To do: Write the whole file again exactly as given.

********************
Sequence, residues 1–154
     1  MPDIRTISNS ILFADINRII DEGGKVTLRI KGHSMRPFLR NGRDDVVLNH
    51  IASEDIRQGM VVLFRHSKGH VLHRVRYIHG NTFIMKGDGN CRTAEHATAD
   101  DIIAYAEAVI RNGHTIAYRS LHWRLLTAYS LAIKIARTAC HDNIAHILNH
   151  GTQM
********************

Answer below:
Sequence, residues 1–154
     1  MPDIRTISNS ILFADINRII DEGGKVTLRI KGHSMRPFLR NGRDDVVLNH
    51  IASEDIRQGM VVLFRHSKGH VLHRVRYIHG NTFIMKGDGN CRTAEHATAD
   101  DIIAYAEAVI RNGHTIAYRS LHWRLLTAYS LAIKIARTAC HDNIAHILNH
   151  GTQM